Join in our conversation! While you can comment on any of our articles without registering, create an account now to be able to connect with other members, discuss new topics in our forums, and to get regular email alerts with the latest news.Members Login
By David Canter | Published: November 19, 2012
With the exponential expansion even over the last few months of Web 2.0 it is important for social scientists to get a grip on the wide-reaching implications of these developments.
By Social Science Bites | Published: July 2, 2012
How are children using the Internet? How is it affecting them? Sonia Livingstone, who has overseen a major study of children’s behaviour online discusses these issues with Nigel Warburton in this episode of the Social Science Bites podcast.
By David Canter | Published: June 11, 2012
Letters to the newspapers from killers and other criminals are as old as newspapers, but there is something about the immediacy and anonymity of the internet and its ability to grab attention from a great mass of people who may not have a voice that will be listened to by authority that encourages its villainous use.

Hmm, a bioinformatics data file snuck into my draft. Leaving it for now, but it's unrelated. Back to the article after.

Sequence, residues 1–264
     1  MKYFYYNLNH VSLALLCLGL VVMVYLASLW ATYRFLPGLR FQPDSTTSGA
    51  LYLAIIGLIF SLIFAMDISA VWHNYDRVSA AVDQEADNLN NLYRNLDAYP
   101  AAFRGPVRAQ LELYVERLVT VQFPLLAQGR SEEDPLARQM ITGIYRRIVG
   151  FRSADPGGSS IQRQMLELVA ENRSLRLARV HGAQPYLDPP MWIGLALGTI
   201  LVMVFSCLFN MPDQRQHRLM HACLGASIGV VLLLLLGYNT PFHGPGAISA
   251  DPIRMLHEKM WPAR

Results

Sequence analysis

By SAGE | Published: May 4, 2011
The nature of internet-based sex offenses is examined in a recent study by Peter Briggs, Walter T. Simon and Stacey Simonsen, published in the March 2011 issue of Sexual Abuse. The authors explore the possibility that the internet has created an entirely new type of sex offender. The study looks at 51 people convicted of an [...]
By American Anthropological Association (AAA) | Published: April 11, 2011
In “The Place of the Internet in Anthropology” (in the March 2011 issue of Anthropology News), UCLA PhD student Adam Fish addresses the popular myth of the internet as both intangible and globally unifying. Fish states that while “internet hardware, software and protocols simulate a global village’s structure,” most people fail to take advantage of the [...]